Google and Alphabet CEO Sundar Pichai’s trip to Congress to answer questions from the House Judiciary Subcommittee on its digital advertising dominance is indicative…
Yola, the South African-based company that provides tools allowing anyone to build a simple website, has signed “a potentially massive” partnership deal with global computer manufacturer HP that could significantly expand its reach.
The deal will see a Yola icon installed on the desktop of every HP computer sold in the future. And that’s quite a few computers: According to Silicon Valley tech blog TechCrunch, HP sells two computers per second, or more than 60-million computers every year.
Vinny Lingham, CEO and founder of Yola, explains: “There will be an icon on the desktop and other parts of the PC, which when clicked will lead to a customised end-user experience.” Essentially, Yola will be the simple, go-to solution for HP customers looking to build a website.
Yola is aimed at those who need to build a website but don’t have programming skills, have limited knowledge of HTML and graphic design. With the site’s simple “drag-and-drop system”, users can incorporate widgets, integrate e-commerce and blog software, while the company also acts as a domain registrar.
The company, with offices in Cape Town and San Francisco, offers two services: “free” and “Yola Silver”. According to Wikipedia, “The free accounts have a website limit of five sites, a download capacity of 1024 megabytes, and basic web builder tools. The Silver version requires subscribers to pay an annual rate of $49.95. Yola Silver has many additional features, including an expanded storage capacity of 25GB, a domain name with privacy guard ,additional themes,Yahoo ad credits and more web builder tools.”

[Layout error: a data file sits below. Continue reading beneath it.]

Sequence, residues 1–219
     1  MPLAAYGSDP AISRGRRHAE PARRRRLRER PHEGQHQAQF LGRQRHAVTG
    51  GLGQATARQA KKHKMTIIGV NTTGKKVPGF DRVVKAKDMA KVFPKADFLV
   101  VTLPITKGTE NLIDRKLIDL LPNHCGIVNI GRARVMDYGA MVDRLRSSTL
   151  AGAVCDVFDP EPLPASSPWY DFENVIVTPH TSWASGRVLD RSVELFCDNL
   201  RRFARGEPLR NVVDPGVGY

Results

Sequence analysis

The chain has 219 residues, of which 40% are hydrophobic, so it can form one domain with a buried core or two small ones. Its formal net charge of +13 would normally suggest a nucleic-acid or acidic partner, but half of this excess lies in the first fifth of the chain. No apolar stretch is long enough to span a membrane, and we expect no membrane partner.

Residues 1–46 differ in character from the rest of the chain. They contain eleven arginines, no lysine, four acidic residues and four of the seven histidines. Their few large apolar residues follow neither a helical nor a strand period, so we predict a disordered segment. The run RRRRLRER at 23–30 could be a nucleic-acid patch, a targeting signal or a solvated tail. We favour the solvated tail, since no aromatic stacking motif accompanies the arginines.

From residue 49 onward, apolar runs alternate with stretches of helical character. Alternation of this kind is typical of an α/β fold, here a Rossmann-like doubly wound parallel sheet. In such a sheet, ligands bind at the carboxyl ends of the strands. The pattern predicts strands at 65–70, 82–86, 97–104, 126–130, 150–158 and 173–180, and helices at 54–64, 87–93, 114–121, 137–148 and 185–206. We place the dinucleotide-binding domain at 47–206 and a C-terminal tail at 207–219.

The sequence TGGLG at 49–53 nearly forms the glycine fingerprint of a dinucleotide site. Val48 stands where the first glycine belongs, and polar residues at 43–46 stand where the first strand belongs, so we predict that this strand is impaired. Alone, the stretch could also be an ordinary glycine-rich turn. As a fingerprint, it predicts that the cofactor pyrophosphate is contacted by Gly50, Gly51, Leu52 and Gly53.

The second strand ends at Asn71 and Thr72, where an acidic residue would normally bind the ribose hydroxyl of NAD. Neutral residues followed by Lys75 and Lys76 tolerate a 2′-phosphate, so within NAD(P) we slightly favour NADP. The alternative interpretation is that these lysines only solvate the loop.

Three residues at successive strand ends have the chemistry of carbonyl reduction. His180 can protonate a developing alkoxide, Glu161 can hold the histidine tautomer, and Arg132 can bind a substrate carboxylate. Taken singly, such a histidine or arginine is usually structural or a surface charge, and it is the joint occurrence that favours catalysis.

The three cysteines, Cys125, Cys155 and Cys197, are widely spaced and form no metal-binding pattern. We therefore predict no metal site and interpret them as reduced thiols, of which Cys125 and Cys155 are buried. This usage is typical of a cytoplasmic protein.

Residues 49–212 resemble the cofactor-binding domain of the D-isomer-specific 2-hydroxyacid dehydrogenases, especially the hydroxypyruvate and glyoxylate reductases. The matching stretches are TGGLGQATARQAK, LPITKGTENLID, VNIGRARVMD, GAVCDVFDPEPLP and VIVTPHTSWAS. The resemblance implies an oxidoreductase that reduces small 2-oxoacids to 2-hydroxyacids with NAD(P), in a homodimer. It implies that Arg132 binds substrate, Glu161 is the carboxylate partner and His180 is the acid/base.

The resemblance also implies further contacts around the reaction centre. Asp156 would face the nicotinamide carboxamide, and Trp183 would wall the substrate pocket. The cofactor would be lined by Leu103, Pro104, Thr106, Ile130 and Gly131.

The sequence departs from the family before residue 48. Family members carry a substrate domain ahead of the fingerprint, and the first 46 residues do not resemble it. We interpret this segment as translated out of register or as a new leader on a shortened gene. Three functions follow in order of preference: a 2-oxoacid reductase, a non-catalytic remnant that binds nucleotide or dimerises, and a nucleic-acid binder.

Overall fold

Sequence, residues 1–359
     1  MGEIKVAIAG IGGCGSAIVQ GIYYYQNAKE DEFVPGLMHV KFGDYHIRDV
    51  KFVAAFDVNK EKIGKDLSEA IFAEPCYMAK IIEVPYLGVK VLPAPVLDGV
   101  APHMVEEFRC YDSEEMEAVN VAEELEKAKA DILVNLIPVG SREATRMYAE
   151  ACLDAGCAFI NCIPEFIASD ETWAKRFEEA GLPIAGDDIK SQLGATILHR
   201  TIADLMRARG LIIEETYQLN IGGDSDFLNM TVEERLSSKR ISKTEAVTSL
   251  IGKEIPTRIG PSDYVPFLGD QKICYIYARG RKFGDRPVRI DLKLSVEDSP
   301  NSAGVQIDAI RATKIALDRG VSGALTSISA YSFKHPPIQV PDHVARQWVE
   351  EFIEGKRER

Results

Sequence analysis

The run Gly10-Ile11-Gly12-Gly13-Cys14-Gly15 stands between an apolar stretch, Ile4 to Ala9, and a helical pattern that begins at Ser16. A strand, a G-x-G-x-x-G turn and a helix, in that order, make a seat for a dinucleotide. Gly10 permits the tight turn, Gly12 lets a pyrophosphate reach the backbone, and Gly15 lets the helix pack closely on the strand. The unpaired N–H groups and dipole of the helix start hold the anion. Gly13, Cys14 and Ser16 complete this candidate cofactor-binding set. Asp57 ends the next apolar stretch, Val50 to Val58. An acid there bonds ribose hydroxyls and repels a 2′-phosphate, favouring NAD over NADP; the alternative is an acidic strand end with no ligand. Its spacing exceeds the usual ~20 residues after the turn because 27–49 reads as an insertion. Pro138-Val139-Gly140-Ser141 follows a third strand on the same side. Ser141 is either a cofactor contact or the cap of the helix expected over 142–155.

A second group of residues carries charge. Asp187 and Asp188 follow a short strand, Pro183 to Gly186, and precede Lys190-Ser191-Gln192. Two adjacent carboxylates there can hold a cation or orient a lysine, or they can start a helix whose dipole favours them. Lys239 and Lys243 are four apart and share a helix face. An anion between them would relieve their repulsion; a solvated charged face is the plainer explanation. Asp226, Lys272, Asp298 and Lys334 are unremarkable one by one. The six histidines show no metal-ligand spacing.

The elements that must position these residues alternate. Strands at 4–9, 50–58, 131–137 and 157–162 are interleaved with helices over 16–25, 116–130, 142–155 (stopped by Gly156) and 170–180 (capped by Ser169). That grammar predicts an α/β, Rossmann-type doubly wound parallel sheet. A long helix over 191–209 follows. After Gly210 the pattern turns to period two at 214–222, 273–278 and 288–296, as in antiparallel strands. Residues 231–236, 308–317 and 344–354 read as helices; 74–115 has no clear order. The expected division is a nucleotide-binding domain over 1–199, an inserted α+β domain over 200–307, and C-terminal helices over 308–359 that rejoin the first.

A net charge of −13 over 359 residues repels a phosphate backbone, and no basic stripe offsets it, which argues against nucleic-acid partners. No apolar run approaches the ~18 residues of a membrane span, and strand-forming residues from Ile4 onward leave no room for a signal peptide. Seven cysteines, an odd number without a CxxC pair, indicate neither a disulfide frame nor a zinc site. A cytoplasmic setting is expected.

Lingham was thrilled at the partnership with HP, calling it “potentially massive” and speculating the “global exposure will be incredible for us”.
Yola has been gearing up for some time now, in anticipation of the deal.
“We have just hired a large number of people to go through the process of internationalisation and scaling up customer support (including telephone support) that these deals, amongst many others that are in the pipeline, will bring,” said Lingham.
Lingham said its service will soon be available with seven payment currencies and in six additional languages: Spanish, French, Portuguese, Italian and German.
The company’s target market is small business, and it’s a big market. TechCrunch reckons that Yola’s market is a hard one to reach but a “surprisingly juicy one”.
“Believe it or not, nearly half of small businesses still don’t have a web site. At some point that will change; the big question is how long it takes. Small businesses are notoriously late technology adopters.”
The HP deal is welcome news for Yola. After going rather quiet for the last year and suffering a major denial-of-service attack on its system which brought down most of its sites, it looks like this may be the start of a big year for the company.
Yola is backed by the Swiss-based Reinet Fund to the tune of about $25-million.